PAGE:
Bp: Leading nicely from that to the Poets and Madmen album. TSO had a couple of Christmas albums out and had a tour or two under its belt, what are some thoughts or memories about the Poets record?

Jeff Plate: Well initially, Zak leaving the band for me was very disappointing and everybody's gotta do what they’ve gotta do and I don't want to get into the details of it. Zak is and was a friend, will always be a friend. He's the guy that brought me into Savatage and I will always have the utmost respect and appreciation for him for doing that. So when all this went down it was also at a time when TSO was really starting to happen so to speak. We had two Christmas records under our belt. Both sold well. The Beethoven CD was happening, that was all kind of happening at the same time as the Poets and Madmen CD. Then the touring aspect of TSO was happening, so things had kind of shifted. The plans for Savatage were now changing because of what was happening with the Trans-Siberian Orchestra. And I am not faulting anybody in respect to all this because when TSO started happening it was something that, "Okay, we need to jump on this train now and see where this is going to take us and do everything we can to make this work." And you've even read before in Jon Oliva interviews and stuff like that, Savatage at that point had been playing and working for around 15 years trying to crack the mainstream so to speak. For whatever reason it just really didn't happen. So you've got TSO that is doing that very thing so the energy and the priority at that point was on TSO. Poets and Madmen came out and obviously Jon sang every song on the record. Poets and Madmen is probably my favorite Savatage record that I've done. I think besides Live in Japan, which was my first recording, so I'm always going to have a huge spot for that in myself, but the Poets record I really love the songs on it. Every song on it I think is really strong. The production sounds good. Jon sounds great. And honestly we were, aside from the changes that were going on, me and Johnny and Chris and Jon were all in a really good place. I remember just having a blast doing that record. It came out and then we brought Damond Jiniya back in to do some vocals with us on the tour. Then things were kind of changing all around us at that time, but the record itself is honestly one of my favorites; one of my highlights with the band.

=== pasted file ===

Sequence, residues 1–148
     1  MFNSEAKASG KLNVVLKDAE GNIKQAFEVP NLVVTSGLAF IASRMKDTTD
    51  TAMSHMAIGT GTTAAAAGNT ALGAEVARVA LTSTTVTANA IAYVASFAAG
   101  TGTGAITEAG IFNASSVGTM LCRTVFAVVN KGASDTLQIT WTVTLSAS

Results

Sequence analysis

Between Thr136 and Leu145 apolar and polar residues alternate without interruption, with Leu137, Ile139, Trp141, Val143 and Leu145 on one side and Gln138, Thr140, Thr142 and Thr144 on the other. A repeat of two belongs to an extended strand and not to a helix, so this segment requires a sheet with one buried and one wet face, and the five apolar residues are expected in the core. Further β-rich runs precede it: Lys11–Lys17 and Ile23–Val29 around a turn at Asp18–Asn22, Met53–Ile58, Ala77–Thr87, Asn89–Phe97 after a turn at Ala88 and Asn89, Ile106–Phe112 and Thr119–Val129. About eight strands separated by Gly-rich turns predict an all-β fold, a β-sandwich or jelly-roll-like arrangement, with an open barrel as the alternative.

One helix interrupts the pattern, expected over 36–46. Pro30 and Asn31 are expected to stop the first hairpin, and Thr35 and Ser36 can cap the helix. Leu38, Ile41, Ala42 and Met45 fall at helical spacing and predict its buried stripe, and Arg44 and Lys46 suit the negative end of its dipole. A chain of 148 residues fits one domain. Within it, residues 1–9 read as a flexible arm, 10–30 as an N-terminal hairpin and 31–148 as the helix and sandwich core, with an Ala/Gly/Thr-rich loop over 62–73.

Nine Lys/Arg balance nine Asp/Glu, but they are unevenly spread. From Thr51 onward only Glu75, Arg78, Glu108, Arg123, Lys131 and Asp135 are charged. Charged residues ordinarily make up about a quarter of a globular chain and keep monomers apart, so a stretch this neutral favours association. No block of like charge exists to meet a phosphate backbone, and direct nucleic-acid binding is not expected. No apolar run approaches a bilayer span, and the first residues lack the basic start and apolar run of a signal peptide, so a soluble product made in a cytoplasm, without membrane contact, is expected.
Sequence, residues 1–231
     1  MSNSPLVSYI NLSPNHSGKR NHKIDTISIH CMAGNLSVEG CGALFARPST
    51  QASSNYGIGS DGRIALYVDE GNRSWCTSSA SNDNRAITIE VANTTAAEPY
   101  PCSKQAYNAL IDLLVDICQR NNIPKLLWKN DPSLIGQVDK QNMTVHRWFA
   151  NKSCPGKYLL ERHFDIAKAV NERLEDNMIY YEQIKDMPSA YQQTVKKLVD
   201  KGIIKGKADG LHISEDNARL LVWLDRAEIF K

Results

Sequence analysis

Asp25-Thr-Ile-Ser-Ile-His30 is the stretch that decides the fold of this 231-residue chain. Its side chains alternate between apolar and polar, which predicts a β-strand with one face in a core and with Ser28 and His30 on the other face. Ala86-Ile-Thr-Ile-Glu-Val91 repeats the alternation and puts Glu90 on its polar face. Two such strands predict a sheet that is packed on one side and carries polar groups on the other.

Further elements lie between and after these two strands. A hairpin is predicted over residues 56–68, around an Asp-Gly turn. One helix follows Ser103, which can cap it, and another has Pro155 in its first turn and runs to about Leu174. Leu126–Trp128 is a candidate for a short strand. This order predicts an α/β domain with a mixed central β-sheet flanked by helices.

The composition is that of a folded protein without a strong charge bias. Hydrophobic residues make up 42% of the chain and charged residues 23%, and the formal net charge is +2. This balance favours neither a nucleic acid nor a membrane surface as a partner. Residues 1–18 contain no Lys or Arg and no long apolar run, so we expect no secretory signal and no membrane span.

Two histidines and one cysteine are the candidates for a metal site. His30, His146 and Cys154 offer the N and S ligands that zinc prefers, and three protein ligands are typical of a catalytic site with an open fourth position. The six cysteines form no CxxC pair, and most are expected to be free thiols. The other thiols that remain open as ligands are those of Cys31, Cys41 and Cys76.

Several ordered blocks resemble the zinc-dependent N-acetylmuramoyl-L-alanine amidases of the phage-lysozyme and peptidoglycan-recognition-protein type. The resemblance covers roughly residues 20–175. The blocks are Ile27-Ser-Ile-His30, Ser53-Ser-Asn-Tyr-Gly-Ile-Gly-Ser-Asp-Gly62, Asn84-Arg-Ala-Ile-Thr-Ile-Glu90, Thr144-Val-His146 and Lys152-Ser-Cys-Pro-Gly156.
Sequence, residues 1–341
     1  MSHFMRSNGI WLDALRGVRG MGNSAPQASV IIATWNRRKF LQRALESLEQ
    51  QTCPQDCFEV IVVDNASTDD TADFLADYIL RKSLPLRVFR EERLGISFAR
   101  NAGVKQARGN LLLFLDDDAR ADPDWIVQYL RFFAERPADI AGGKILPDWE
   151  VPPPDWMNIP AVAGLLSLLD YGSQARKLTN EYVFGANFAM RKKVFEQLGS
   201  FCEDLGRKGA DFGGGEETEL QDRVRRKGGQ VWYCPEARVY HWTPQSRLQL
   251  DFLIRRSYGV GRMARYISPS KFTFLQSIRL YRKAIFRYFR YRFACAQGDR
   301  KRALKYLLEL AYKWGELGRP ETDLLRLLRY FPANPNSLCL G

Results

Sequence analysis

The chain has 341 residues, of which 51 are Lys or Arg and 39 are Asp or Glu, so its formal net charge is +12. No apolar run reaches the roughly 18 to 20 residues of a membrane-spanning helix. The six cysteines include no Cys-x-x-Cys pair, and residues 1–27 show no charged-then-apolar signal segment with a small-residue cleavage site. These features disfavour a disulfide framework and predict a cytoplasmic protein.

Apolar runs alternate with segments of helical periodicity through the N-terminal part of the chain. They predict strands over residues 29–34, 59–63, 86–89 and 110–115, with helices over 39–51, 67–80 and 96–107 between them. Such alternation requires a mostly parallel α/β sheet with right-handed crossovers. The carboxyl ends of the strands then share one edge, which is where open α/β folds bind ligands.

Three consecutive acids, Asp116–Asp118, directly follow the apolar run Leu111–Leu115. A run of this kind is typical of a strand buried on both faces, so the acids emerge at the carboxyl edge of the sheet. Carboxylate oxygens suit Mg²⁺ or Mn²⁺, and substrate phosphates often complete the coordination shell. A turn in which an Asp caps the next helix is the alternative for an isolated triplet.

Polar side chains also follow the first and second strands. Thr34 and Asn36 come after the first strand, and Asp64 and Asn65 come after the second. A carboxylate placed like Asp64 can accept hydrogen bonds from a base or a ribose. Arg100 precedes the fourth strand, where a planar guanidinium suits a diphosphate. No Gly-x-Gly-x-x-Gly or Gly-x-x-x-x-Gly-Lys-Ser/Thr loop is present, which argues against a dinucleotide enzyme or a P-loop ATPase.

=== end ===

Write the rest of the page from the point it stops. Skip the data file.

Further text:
Bp: It's a great one to have been the last one recorded under the Savatage name, but it's a little sad that lineup didn't produce something else since there was obviously some magic happening.

Jeff Plate: I agree on both counts, yup. But having just explained to you what is involved with the TSO machine there were so many things going on at that end of it. And you’ve got to understand too, it isn't like Savatage was a small band either. So when you put this thing out on the road, we are not kids, we're not going to go out in a van and eat bologna sandwiches. You’ve got to do this with respect to yourself and it just became a little more difficult to carry on with it. But you are right, I completely agree with you. I think it's unfortunate that we didn't carry on with more of that direction, but at the same time I'm very happy that is what we are left with. You hate seeing a band say farewell off of a weak record. And like I said, this is one of my favorite records. From the production down to the songs, down to my playing personally, all of the above. I think it was a really good way for us to end that part of it so to speak.

Bp: If that ends up being the last recording under the Savatage name, it's a great one to have gone out on.

Jeff Plate: Sure. And to that point, who knows, anything's possible.

Bp: What are some particular favorites that you are playing live now?

Jeff Plate: With TSO?

Bp: With TSO that you get off on playing.

Jeff Plate: Oh God, that's a good question.

Bp: You hate them all, right. [laughs]

Jeff Plate: No, because each one has its own coolness to it, you know. Like the openers that we do, those are some pretty interesting songs. I mean for me, I’ve got to be on my toes when I'm doing this stuff because the parts as they change, the tempos as they change, they're fun songs to play. When we hit "Faith Noel," I love playing that song because you're really kind of opening the whole thing up to the audience. The first two songs the audience is hearing some music a lot of people don't really know, but the production is really strong. You're hitting them with all this and then all of a sudden you come out with "Faith Noel" and everybody knows these melodies and the whole audience just reacts; the audience opens up. "Okay, now here we go."